Listen to Article
For the more than a billion Muslims worldwide, there is nothing more sacred than the month of Ramadan, or Ramazan. It was during this ninth month of the Islamic lunar calendar that Jibril (the Archangel Gabriel in the Judeo-Christian faith) revealed the first verses of the Quran — Islam's holy text — to the prophet Muhammad. The auspicious month's start, based on the appearance of the super-slim young crescent Moon, is determined by moon-sighting committees in various Muslim countries, most notably in Saudi Arabia. This year, Ramadan will begin on Monday, April 12th, or Tuesday, April 13th.
During Ramadan, healthy adult Muslims and children over 14 abstain from food and drink from dawn to dusk. Fasting during Ramadan, is one of the five pillars — or duties — of Islam, along with the testimony of faith, prayer, charitable giving, and making a pilgrimage to Mecca. It is believed that the temporary deprivation of sustenance renews awareness and gratitude for everything Allāh (God) has provided and revives compassion to help those less fortunate. Observers are also encouraged to rid their minds of negative thoughts and emotions, such as jealousy and anger. Many also eschew or limit leisure activities, such as watching television, in favor of listening to recitations of the Quran.
A typical day during Ramadan
Muslims typically wake up well before dawn to eat their first, and most important, of the two meals consumed during the day. Known as Suhoor, or Suhur, the spread, designed to sustain observers until sunset, comprises a variety of protein-rich traditional dishes, fresh fruits, and vegetables. Following the morning prayers, called Fajr, everyone goes about their daily business, whether that is going to school or work.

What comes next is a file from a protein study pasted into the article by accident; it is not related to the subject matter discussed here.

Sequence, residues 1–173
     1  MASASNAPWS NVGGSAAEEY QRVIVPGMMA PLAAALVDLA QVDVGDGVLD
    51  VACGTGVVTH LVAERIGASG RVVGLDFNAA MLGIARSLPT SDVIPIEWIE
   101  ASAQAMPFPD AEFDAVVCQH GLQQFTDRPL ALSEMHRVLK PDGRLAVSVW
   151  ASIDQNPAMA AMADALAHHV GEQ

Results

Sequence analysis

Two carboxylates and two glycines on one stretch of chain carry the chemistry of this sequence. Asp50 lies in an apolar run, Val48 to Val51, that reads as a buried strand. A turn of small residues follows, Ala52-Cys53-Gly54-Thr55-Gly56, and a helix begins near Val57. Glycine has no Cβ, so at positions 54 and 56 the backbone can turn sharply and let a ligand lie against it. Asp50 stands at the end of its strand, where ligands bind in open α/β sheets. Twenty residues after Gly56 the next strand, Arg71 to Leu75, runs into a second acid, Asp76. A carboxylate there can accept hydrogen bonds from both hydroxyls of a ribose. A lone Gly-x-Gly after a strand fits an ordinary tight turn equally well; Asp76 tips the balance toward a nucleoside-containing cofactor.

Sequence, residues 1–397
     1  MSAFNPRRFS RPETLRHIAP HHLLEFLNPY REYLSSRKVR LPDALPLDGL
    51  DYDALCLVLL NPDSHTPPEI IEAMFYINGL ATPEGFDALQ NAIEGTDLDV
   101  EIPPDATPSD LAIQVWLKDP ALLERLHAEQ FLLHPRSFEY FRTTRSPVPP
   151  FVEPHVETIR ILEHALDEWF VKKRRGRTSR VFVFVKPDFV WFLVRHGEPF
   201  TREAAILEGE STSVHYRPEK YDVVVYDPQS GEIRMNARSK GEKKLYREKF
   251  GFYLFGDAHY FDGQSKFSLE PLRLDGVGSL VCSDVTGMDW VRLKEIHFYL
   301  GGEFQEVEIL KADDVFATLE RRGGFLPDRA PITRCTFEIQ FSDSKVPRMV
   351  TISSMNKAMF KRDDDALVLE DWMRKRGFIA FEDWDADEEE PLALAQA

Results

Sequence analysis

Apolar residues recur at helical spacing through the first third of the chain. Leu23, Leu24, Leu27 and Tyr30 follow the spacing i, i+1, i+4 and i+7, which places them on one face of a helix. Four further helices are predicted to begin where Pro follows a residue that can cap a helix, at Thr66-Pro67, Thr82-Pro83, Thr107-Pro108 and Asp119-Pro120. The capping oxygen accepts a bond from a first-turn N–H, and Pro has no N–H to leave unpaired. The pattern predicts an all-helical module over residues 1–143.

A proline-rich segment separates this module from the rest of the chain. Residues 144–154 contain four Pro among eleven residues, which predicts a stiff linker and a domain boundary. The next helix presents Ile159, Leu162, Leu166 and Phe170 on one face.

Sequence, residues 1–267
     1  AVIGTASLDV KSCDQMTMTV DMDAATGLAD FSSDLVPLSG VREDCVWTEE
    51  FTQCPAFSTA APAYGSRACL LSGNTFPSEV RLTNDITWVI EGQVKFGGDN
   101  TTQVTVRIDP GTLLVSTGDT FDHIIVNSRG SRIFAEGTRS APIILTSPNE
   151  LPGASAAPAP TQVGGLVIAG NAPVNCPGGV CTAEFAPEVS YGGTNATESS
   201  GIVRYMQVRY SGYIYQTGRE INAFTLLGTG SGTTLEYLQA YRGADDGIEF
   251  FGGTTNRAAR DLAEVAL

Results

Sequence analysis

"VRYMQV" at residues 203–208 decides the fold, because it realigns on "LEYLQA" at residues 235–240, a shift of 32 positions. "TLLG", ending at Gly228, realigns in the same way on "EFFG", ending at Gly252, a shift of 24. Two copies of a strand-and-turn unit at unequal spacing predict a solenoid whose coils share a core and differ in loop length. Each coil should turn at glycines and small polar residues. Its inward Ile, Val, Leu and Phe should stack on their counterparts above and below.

Most Muslims break the fast at sunset by eating 1 to 3 dates — just as Muhammad did when he broke his own fast — and by drinking some water or milk. They then conduct a five to 15-minute long prayer, before settling down for the day's second, more substantial, meal, known as Iftar. The festive meal is usually a communal affair that is enjoyed with extended family members and friends. Many mosques also organize free Iftar gatherings.
The meal is followed by the night prayer called Taraweeh. Derived from the Arabic word meaning “to rest and relax," it is considered a form of Islamic meditation. Usually held at a mosque, Taraweeh prayers involve reading portions of the Quran as well as performing many rakahs (cycles of movement involved in Islamic prayer) and can last up to two hours. Once done, everyone heads home to get some rest before the predawn meal.
The fasting period ends when the next New Moon is sighted — typically after 29 or 30 days. It is followed by Eid al-Fitr, or “festival of breaking the fast," which, depending on when Ramadan starts, will be commemorated on May 12, 2021, or May 13, 2021. The celebrations, which can last up to 3 days, begin with communal prayers to thank Allah for providing endurance and strength during Ramadan. At about midday, observers, dressed in traditional finery, head to visit family and friends or gather in public venues to enjoy a feast with community members. Eid is akin to Christmas for Muslim children, with many receiving money or gifts from the elders.
Charitable giving, or Zakat, believed to purify one's wealth, is one of Islam's five pillars and, therefore, mandatory. Most Muslims must give a Zakat of 2.5 percent of the wealth accumulated over the previous lunar year. Those who do not meet the minimum wealth threshold, termed "nisab," offer sweet bread and dates instead.
Celebrations amid the coronavirus pandemic
Like 2020, the coronavirus pandemic — which has caused most mosques to remain closed— will disrupt this year's Ramadan observances and upend festive Eid gatherings. But though the celebrations might be subdued, the essence of the centuries-old tradition — spiritual reflection, self-improvement, and heightened devotion and worship — remain intact.
Resources: Vox.com, Guardian.com, Wikipedia.com,